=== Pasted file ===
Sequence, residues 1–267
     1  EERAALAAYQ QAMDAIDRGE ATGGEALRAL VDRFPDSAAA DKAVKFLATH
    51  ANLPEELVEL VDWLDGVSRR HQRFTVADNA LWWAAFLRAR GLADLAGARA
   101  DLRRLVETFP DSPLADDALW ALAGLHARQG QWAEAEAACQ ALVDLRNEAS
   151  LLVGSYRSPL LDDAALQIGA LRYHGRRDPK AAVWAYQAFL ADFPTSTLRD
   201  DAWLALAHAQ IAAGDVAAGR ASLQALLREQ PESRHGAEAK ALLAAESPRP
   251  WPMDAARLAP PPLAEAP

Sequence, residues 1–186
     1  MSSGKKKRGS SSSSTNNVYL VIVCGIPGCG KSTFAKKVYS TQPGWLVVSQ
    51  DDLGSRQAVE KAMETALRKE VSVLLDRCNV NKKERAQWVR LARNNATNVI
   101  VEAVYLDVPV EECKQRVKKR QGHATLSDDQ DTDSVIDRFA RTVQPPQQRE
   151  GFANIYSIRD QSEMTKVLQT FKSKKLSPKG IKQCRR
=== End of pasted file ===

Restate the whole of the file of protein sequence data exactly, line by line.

Sequence, residues 1–267
     1  EERAALAAYQ QAMDAIDRGE ATGGEALRAL VDRFPDSAAA DKAVKFLATH
    51  ANLPEELVEL VDWLDGVSRR HQRFTVADNA LWWAAFLRAR GLADLAGARA
   101  DLRRLVETFP DSPLADDALW ALAGLHARQG QWAEAEAACQ ALVDLRNEAS
   151  LLVGSYRSPL LDDAALQIGA LRYHGRRDPK AAVWAYQAFL ADFPTSTLRD
   201  DAWLALAHAQ IAAGDVAAGR ASLQALLREQ PESRHGAEAK ALLAAESPRP
   251  WPMDAARLAP PPLAEAP

Sequence, residues 1–186
     1  MSSGKKKRGS SSSSTNNVYL VIVCGIPGCG KSTFAKKVYS TQPGWLVVSQ
    51  DDLGSRQAVE KAMETALRKE VSVLLDRCNV NKKERAQWVR LARNNATNVI
   101  VEAVYLDVPV EECKQRVKKR QGHATLSDDQ DTDSVIDRFA RTVQPPQQRE
   151  GFANIYSIRD QSEMTKVLQT FKSKKLSPKG IKQCRR